Technical Communication

Theory, history, practice, teaching, and management of workplace communication, including the genres of reports, manuals, and proposals, and the skills of document design, style, and editing in a variety of media.

Example Courses

  • 5366: Teaching Technical and Professional Communication. Theory and teaching of technical and professional writing with special attention to developing course objectives, syllabi, and teaching techniques.
  • 5371: Foundations of Technical Communication. Theory and practice of technical communication.
  • 5372: Technical Reports. Theory and practice of reports and proposals.
  • 5373: Technical Manuals. Theory and practice of manual development and design.
  • 5374: Technical Editing. Substantive editing and design of technical documents.
  • 5375: Document Design. Theory and practice of creating comprehensible, usable, and persuasive texts.
  • 5376: Online Publishing. Design and testing of online documents to support instruction and information retrieval.
  • 5383: Grants and Proposals. Theoretical issues and practical experience dealing with the genre and process of writing grants and proposals.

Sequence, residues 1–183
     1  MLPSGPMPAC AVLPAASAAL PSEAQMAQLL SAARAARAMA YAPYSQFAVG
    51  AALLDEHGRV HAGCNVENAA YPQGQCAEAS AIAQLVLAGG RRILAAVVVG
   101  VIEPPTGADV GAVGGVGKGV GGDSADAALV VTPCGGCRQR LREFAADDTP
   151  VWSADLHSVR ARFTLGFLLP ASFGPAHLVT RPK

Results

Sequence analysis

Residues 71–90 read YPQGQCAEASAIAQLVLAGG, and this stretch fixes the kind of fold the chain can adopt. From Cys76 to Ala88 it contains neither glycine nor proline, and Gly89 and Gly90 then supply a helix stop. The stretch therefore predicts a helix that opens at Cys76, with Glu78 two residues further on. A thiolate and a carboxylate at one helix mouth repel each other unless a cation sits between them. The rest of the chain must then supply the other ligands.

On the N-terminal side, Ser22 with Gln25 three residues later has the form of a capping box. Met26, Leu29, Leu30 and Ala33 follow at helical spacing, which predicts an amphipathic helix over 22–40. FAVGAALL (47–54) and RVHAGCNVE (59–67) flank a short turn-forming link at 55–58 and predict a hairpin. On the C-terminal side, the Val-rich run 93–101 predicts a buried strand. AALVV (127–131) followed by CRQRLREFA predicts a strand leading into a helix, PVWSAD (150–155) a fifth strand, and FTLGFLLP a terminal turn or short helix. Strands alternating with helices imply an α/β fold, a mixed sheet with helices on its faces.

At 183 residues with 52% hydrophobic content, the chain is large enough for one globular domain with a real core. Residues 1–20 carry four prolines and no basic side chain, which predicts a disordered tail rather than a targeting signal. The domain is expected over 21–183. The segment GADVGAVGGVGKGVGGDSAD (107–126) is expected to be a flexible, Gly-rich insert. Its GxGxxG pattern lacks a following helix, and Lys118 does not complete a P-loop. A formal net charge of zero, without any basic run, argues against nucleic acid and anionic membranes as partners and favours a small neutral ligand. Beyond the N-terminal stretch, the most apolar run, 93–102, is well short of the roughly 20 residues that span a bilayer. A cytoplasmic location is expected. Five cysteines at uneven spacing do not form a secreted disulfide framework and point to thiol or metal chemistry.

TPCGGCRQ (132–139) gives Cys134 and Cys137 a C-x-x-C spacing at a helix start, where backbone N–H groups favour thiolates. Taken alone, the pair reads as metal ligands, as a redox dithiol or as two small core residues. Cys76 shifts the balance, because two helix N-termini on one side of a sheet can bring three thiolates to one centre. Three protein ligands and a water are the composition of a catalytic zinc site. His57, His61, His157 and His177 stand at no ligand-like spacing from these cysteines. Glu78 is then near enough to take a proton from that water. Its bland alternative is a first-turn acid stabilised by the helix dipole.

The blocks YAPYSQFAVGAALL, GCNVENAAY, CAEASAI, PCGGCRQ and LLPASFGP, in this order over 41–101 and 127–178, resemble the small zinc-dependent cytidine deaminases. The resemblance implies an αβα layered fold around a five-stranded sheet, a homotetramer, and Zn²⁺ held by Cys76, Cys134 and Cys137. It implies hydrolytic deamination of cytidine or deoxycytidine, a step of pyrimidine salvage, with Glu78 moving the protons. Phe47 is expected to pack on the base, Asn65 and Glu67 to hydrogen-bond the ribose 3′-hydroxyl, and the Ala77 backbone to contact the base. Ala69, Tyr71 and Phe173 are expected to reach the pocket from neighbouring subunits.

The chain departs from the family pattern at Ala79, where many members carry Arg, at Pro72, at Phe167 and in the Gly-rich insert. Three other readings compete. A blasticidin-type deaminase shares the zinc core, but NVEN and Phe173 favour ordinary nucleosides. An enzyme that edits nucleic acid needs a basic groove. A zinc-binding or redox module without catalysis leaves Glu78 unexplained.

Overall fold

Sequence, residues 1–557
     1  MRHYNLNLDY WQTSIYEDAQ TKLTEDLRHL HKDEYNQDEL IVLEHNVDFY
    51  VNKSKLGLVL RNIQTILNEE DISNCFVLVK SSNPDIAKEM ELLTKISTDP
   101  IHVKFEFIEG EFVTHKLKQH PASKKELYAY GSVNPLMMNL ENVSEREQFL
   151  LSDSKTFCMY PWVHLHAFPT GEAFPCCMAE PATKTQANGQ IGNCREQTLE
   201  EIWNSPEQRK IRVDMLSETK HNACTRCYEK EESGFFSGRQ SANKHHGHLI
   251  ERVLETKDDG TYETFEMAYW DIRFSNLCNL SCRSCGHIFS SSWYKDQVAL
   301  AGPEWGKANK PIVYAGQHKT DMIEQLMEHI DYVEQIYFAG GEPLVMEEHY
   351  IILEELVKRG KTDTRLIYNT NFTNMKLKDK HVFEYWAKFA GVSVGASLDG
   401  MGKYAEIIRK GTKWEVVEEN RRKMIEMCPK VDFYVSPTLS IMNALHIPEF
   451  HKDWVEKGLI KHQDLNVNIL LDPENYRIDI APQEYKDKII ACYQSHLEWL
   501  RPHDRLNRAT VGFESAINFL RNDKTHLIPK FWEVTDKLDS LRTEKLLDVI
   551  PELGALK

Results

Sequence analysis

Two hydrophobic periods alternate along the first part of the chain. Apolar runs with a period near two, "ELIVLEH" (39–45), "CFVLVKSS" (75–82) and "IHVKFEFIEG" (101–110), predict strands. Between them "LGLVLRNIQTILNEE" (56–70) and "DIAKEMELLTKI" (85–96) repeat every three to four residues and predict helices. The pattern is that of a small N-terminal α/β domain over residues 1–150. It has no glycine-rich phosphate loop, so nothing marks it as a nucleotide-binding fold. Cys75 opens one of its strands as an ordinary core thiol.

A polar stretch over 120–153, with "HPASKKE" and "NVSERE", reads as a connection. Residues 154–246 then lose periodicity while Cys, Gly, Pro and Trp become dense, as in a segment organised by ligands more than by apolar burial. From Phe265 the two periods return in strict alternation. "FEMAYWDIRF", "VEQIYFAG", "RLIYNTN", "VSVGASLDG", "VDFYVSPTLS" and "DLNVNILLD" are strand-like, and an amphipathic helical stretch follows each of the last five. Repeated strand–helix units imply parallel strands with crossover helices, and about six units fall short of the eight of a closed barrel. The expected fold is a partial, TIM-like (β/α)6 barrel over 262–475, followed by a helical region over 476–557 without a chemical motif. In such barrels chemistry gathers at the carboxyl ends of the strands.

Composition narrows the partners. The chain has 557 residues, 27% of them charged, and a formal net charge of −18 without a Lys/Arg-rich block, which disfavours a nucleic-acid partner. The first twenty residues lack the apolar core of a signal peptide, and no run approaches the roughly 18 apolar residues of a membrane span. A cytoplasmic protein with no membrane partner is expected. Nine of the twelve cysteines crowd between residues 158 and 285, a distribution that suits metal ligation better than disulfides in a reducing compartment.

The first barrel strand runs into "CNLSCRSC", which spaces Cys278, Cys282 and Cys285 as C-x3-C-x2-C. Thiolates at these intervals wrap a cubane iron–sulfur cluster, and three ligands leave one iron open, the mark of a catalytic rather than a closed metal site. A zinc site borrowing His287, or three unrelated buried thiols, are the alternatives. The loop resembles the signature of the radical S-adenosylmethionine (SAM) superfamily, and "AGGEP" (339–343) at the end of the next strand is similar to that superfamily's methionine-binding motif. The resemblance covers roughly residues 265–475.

• 5387: Publication Management. Strategies of managing processes and knowledge that support publication.
  • 5388: Usability Testing and Research. Methods of planning, conducting, and analyzing usability tests.

Rhetorics of Science and Healthcare

Consideration of discourse and communication within scientific, technical, and medical fields.

Example Courses

  • 5384: Rhetoric of Scientific Literature. The foundational, canonical course for the emphasis. It deals with rhetorical critique of classic science arguments, such as Darwin's Origin of the Species. It also introduces ideas developed further in the specialty courses.
  • 5386: Discourse and Social Issues. Especially when it is taught with a focus on social issues also being those of a scientific nature (e.g. environmental, risk communication, classification, etc.).
  • 5369: Discourse and Technology. Especially when it is taught with a focus on documentation of technology as used in the medical profession or in other applications of science.
  • 5382: Theory and Research in the Written Discourses of Health and Medicine. Current theory and research in the written discourses of health and medicine, focusing on the roles of technical and professional.